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The Trombone Master
Format: MP3 MusicChange
Price:$7.99

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29 of 32 people found the following review helpful
on April 20, 2001
Format: Audio CD
What a great album! This one is definitely worth buying. Even having seen swinging live performances by trombone legends like Slide Hampton and Steve Turre, I still rarely feel in the mood for listening to jazz trombone. More often you'll find the likes of Chick Corea, Bill Evans, or Stan Getz playing at my place. Somehow, though, I always love listening to J.J. This album is unbeatable for a great sampling of J.J.'s playing--every track is a gem, especially "What Is This Thing Called Love" and "Laura". Check out "Blue Trombone" for nine straight minutes of J.J. playing licks left and right, easily swinging through chorus after chorus of blues. J.J.'s ridiculously clean and fast playing are just unbelievable--at times it almost seems like he must be playing valve trombone! His articulation and attack are indisputably right on the mark. If you haven't heard much jazz trombone, this is a great introduction. For only $11.97 it's not a bad price at all.
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5 of 6 people found the following review helpful
Format: Audio CD
The first four tracks are from "J. J. in Person," a killer on-location session on Columbia with unequaled support by Nat Adderley and Tommy Flanagan. "Laura," in particular, showcases J. J. at his representative best--the tone, the note choices, the phrasing, the perfection of the man in all that he did. Blessed with ample technique, J. J. like Miles Davis showed how to harness that facility toward thoughtful, musical ends: there's a purpose behind every note. There are plentiful examples of J. J. alone with rhythm section, or in the company of players like Winding, Getz, and Rollins, but none, that I'm aware of, with John Coltrane. If J. J. had been the trombonist on "Blue Trane," that session might have been another "Kind of Blue."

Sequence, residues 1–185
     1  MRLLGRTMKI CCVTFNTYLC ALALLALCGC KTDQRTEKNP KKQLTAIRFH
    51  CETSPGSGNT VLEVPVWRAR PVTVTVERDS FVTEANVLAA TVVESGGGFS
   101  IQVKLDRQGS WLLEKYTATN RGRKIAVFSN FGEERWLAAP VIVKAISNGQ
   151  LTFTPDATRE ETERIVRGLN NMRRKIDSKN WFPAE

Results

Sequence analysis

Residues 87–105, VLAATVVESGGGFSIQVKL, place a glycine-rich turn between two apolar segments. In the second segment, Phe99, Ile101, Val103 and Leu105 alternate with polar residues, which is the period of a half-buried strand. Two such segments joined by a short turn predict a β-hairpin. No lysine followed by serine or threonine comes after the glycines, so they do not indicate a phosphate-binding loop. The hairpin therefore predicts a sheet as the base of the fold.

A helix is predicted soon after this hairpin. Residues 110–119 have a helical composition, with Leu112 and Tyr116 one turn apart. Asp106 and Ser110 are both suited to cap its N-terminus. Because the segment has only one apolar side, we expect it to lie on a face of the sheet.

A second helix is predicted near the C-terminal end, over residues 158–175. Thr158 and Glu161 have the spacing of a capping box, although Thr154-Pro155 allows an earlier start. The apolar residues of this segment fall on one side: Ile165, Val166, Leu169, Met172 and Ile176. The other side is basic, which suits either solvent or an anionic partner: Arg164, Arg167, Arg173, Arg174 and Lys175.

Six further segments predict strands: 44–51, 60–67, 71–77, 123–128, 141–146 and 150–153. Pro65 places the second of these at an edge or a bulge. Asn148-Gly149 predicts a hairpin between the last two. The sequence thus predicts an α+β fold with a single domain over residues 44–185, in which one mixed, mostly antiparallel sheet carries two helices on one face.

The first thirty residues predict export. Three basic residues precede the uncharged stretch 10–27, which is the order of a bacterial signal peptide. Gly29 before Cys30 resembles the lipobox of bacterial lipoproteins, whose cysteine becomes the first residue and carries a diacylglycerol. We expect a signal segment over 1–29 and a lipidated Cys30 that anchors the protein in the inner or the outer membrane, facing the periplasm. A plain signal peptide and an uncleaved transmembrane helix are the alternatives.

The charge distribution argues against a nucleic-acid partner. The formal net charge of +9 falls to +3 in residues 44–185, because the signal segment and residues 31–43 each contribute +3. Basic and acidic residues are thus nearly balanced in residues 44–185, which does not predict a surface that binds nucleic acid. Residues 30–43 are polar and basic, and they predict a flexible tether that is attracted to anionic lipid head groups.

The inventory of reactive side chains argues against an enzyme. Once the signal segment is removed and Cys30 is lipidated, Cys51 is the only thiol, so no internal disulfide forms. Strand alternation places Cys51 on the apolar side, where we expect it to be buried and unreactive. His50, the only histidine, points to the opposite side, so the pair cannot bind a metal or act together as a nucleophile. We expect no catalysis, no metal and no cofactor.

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6 of 8 people found the following review helpful
on May 6, 2007
Format: Audio CD
Trombone is not my favorite jazz instrument, but once in a while it is nice to have a different-sounding lead instrument to provide variety to all the great recordings of saxophonists, pianists and guitarists. J.J. Johnson's career ran from just after World War II to the late 1980's, with the usual ups and downs and changes of direction common to jazz artists in those decades. When I first grew into jazz in the late '50's and early '60's, he was quite active, especially with Kai Winding. This collection lacks Kai, but it offers eight full-length tracks and a brief closing from four Johnson LP's issued between 1957-1961. He is helped by Nat Adderly on cornet, Tommy Flanagan on piano, Paul Chambers on bass, Max Roach on drums, and assorted other band-mates. The CD gives us his versions of six pop music classics, one of Thelonious Monk's best compositions, and Duke Ellington's famous "Satin Doll." For about 46 minutes the trombone master will gently swing you along the highway or please you in the living room. I can't imagine any fan of classic jazz regretting this purchase.